Twelve months ago, when the Astana team gathered for its first training camp in Montecatini Terme, in Tuscany, Fabio Aru was still considered a future star of the team and a possible contender for the Giro d'Italia. A year on, with the 25-year-old Sardinian having won the Vuelta a Espana and finished second at the Giro d'Italia, he is now considered a team leader along with Vincenzo Nibali and has been rewarded with even more responsibility and expectation for 2016.
Aru has been given the role of Astana team leader for the Tour de France and the Ardennes Classics, with Nibali forced to accept that he no longer calls all the shots when it comes to the Grand Tours. Alexandre Vinokourov has insisted that Nibali will target the Giro d'Italia and he will then have to play a secondary role to Aru in France in July.
"Last year I was under pressure to do well but I hadn't won a Grand Tour. I don't know if I've changed now I've won the Vuelta…" Aru told Cyclingnews during an interview at the Astana hotel after he was confirmed as team leader for the Tour de France in the press conference that kicked off the team's 2016 training camp.
"Winning a Grand Tour does change things around you and it's difficult to understand until you do it. Personally it was nice to be on stage with Chris Froome and Alberto Contador at the UCI Gala in Abu Dhabi, things like that make you realise you're in a different league. Now I've got the satisfaction of winning and making all the sacrifices seem worthwhile and I've got the motivation to do it all over again. The day after winning the Vuelta, I started thinking about having a good end of season and a good winter and other goals."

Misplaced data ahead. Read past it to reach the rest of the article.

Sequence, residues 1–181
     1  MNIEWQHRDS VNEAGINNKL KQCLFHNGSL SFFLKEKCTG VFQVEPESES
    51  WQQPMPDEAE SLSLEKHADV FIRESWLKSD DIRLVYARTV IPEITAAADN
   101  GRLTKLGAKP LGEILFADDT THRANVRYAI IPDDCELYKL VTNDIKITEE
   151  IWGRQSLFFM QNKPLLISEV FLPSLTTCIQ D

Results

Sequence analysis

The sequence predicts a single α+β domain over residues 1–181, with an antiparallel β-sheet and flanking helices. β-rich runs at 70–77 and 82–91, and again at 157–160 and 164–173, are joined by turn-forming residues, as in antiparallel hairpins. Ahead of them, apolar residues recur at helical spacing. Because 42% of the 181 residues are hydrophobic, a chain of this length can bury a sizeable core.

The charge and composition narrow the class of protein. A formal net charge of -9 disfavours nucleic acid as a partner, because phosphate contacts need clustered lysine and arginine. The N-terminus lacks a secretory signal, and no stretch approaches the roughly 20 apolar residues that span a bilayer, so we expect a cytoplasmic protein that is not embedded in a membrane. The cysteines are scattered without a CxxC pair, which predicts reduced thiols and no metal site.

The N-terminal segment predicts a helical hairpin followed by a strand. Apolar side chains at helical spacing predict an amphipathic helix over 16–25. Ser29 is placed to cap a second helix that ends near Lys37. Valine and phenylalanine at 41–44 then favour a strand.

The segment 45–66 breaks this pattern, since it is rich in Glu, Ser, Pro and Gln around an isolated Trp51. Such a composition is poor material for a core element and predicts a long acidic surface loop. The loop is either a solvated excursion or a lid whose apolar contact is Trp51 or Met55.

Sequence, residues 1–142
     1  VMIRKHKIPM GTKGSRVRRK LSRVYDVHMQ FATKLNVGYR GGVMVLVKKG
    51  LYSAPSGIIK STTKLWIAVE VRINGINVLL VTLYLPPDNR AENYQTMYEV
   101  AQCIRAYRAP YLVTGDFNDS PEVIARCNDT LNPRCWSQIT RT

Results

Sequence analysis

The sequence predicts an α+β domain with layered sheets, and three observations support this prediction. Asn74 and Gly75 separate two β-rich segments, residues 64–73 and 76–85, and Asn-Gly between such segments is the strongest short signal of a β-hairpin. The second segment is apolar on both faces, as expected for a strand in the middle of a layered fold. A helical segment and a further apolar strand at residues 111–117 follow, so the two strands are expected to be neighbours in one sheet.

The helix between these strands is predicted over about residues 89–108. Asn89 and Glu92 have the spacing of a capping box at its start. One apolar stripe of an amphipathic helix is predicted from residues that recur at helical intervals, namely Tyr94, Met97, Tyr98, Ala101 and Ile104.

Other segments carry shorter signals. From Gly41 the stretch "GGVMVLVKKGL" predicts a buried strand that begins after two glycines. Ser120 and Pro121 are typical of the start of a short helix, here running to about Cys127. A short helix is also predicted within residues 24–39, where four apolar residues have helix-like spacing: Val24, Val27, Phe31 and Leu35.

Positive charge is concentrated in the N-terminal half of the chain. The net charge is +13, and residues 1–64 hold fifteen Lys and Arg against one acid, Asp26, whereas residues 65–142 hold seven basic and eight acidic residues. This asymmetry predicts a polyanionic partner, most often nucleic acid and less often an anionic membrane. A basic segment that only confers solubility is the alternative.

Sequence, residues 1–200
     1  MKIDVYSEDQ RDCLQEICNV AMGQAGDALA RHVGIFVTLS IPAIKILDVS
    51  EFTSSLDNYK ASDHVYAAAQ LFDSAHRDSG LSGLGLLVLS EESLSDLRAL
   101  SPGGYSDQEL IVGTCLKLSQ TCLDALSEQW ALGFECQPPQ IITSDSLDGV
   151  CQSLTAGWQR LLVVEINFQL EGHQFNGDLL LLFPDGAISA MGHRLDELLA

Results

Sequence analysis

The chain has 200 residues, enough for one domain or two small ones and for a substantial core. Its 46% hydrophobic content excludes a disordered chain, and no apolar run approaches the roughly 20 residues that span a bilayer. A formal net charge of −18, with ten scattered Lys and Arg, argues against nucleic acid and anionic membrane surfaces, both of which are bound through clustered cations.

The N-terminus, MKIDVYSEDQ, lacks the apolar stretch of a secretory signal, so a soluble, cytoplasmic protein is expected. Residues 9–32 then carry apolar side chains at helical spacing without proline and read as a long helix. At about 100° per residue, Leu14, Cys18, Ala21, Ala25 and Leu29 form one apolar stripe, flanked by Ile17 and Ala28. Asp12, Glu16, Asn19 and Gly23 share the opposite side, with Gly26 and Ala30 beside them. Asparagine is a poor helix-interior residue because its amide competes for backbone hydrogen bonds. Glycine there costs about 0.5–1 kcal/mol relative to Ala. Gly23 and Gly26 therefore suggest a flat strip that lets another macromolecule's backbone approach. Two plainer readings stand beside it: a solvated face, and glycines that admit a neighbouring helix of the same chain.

Aru returned from a holiday in Zanzibar with a deep sun tan and rested legs after rarely touching his bike since finishing second overall behind Esteban Chaves at the Abu Dhabi Tour. The Astana team travelled to Calpe, in Spain at the weekend and immediately began a serious training camp, with focus on the bike on Monday.
"I feel good and I feel rested. I've had a good break after Abu Dhabi and I've recovered a lot of energy. I started riding my bike again this week and now with this training camp, team meeting and medical tests, the 2016 season is officially underway," Aru told Cyclingnews and Velopro.it as he sat down in a more relaxed setting after the Astana press conference.
Tour de France debut
Aru's thought and ambitions are already projected towards 2016, with him considering 2015 as the previous season. He is expecting to make his racing debut at the Vuelta Valenciana (Feb 3-7) and then gradually build up for the Ardennes Classics with a series of stage races, before a long spell of altitude training and the Criterium du Dauphine before the Tour de France.
"The Tour de France is something new for me but I'm curious to find out what the Tour de France is all about, what its really like," Aru explained.
"I'll study the race route in detail and also ask Vincenzo for advice and on the secrets of the Tour. He won it two years ago and so he'll give me lots of advice. My teammate and close friend Paolo Tiralongo has got lots of experience too."
"My season will be built around being at my best for the Tour de France but I'm almost going to have a pretty busy early season until the Classics. I'll probably start at the Vuelta Valenciana, then ride either Paris-Nice or Tirreno-Adriatico and then the Tour of the Basque Country – a race that seems fascinating but one that I've never ridden. I should have ridden Liege-Bastogne-Liege last year but I was ill. I'll do a lot of races I haven't done before in 2016 and so they'll all be interesting to discover and give me some extra motivation."
Aru suffered during the final week of the Giro d'Italia and perhaps lost a chance of beating Alberto Contador by riding too aggressively early in the race. He fought back to win two late mountain stages but seems to have learnt an important lesson for 2016.
"Last year's Giro d'Italia (2015 –ed) taught me a lot. I suffered like an animal," he said.
"Making it to finish on several stages felt like winning to me. In the final stages it was my ability to suffer that helped me win the stags rather than my legs. I was dead tired after finishing the Giro. But I learnt that even when you're biting the handlebars and about to get dropped, you can bounce back and win stages.
"I think I'm maturing quickly, both physically and when it comes to experience. I won races but made mistakes and sometimes gave it too much. I know I can learn and improve, starting with my time trialing and ability to attack on climbs. That's another reason why I can't wait to get the 2016 season underway."